For the working class in this nation, the path toward progress has been a rocky road starting as we did with an investor class that believed labor to be no more than chattel. We must never forget that from this nation’s founding, the relationship between the investor class and labor has been oppressive, at its worst, and antagonistic at its best. Centuries of enslavement and indentured servitude for the working class would lead to a small group of people amassing vast intergenerational wealth beyond the dreams of avarice.
In 1932, half a century before Ronald Reagan would recycle trickle down economics and make them seem once more a plausible alternative the following lines appeared in a column by Will Rogers: “ Mr. Hoover… knew that water trickles down. Put it uphill and let it go and it will reach the driest little spot. But he didn’t know that money trickled up. Give it to the people at the bottom and the people at the top will have it before night, anyhow. But it will at least have passed through the poor fellow’s hands. They saved the big banks, but the little ones went up the flue.”
It is nearly a century later, and the prescience of Will Rogers still amazes as wealth percolates upward at a prodigious rate while the wages of the working class have remained stagnant for three decades. In the most recent financial crisis, taxpayers saved the banks who, in turn, foreclosed on homes, and small investors lost $3 trillion in holdings while hedge fund managers gained $3 trillion for betting against the economy. In 2019, 26 individuals possess as much wealth as the bottom 50% of the world’s population,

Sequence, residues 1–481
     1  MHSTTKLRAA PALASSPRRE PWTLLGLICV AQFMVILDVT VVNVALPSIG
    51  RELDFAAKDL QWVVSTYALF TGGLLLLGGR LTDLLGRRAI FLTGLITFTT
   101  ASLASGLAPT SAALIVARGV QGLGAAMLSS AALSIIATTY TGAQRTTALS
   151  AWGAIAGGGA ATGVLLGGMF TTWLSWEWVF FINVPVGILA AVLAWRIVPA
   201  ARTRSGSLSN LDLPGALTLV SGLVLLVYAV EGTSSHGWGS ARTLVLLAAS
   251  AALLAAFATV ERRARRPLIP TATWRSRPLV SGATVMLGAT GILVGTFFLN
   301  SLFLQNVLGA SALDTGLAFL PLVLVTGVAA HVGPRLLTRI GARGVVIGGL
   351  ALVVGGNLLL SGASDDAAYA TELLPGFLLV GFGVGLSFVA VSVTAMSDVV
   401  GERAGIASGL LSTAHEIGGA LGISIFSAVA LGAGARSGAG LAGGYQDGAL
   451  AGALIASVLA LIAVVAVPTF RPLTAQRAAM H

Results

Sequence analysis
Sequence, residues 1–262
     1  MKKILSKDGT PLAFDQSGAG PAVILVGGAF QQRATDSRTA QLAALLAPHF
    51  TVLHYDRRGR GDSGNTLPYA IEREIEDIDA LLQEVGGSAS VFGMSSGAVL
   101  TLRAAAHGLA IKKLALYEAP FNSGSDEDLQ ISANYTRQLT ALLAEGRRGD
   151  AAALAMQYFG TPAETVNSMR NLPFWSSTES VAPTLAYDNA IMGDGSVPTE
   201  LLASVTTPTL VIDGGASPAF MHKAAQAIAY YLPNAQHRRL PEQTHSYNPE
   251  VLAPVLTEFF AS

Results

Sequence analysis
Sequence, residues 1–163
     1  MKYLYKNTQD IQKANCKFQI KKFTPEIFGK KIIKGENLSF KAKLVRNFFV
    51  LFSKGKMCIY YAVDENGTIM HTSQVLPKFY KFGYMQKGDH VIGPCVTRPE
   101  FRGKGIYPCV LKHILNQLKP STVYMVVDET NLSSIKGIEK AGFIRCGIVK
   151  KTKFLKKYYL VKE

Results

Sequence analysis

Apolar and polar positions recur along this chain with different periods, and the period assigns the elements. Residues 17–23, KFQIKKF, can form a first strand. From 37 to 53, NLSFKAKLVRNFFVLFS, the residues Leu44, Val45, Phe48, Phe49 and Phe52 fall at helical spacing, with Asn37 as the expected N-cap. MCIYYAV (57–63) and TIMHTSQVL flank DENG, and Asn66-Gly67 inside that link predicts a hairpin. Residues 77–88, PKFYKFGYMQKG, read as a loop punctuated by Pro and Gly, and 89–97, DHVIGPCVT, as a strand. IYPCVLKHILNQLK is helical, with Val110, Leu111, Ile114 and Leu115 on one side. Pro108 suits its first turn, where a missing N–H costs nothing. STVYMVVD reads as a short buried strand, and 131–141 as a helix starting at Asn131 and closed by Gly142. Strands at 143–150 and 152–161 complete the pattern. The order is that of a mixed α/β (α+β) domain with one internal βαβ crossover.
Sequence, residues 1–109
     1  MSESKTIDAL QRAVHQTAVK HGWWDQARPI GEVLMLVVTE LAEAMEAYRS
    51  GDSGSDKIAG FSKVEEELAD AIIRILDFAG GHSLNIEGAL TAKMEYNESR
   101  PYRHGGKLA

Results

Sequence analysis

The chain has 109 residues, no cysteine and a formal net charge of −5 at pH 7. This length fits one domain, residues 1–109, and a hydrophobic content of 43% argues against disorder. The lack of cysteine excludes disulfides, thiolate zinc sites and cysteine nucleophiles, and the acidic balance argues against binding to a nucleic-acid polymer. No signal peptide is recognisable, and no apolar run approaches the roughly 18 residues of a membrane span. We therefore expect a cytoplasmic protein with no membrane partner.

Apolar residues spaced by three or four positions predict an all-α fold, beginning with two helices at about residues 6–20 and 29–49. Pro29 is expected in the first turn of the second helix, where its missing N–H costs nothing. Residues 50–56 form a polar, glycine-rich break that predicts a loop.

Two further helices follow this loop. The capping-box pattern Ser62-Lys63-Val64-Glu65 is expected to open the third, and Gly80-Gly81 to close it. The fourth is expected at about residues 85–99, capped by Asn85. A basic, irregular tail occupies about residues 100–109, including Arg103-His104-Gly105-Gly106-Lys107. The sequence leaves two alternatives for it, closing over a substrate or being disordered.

Establishing a fair level of compensation for all labor arrived with the enactment of the Minimum Wage in 1933 when Franklin Delano Roosevelt declared, “By living wages, I mean more than a bare subsistence level — I mean the wages of a decent living.” Workers can no longer support a family or prepare for retirement on today’s minimum wage.
Two fortunate outcomes arise from putting a few more dollars in the pocket of workers. First, the working class pays taxes on those new wages thereby furnishing revenues for more public works. Second, workers with disposable income spend it on more products and services spurring on the economy.
We can no longer afford to establish a minimum wage and allow inflation to degrade its buying power for decades until that minimum wage becomes subsistence pay. Clearly, adjusting wages at that point needlessly puts a choke on the economy. Instead, we need to establish a livable wage and tie it to the Consumer Price Index for annual review.
Also, it is time to channel our inner George Bailey from It’s a Wonderful Life and ask the important questions, “…you are all businessmen here. Don’t it make them better citizens? Doesn’t it make them better customers?”
It is a thoroughly reasonable expectation that street sweepers should sweep streets as though the hosts of heaven might walk there. It is, however, also a reasonable expectation that those hosts of heaven not find street sweepers sleeping under the overpasses for want of adequate wages.
This Commentary originally appeared in the Prince George’s Sentinel on May 26, 2016. It has been slightly reworked, here.